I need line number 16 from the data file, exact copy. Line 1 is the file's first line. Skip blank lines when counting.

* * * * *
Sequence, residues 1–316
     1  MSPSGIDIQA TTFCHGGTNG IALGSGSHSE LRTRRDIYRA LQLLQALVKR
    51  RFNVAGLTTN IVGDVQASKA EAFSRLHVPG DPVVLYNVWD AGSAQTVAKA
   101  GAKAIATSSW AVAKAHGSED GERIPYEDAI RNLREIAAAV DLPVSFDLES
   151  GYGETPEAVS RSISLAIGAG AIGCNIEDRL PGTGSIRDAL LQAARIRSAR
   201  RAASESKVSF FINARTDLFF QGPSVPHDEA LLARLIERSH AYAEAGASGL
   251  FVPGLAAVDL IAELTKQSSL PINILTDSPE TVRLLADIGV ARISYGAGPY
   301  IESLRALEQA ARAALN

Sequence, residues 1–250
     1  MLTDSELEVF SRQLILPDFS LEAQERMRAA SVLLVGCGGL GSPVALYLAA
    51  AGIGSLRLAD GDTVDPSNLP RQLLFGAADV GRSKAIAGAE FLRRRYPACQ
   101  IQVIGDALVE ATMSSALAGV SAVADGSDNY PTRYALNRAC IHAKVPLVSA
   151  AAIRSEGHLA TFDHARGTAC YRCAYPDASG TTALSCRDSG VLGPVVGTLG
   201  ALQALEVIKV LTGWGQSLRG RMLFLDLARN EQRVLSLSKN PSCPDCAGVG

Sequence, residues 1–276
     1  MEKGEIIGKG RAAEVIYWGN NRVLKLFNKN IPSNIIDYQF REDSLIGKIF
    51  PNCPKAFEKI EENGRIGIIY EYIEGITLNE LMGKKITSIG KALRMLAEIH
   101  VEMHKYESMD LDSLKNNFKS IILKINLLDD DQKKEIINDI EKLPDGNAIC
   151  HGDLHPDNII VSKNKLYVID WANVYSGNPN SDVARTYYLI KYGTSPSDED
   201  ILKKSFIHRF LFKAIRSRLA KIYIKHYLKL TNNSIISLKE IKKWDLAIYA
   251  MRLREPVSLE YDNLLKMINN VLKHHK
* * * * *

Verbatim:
     1  MEKGEIIGKG RAAEVIYWGN NRVLKLFNKN IPSNIIDYQF REDSLIGKIF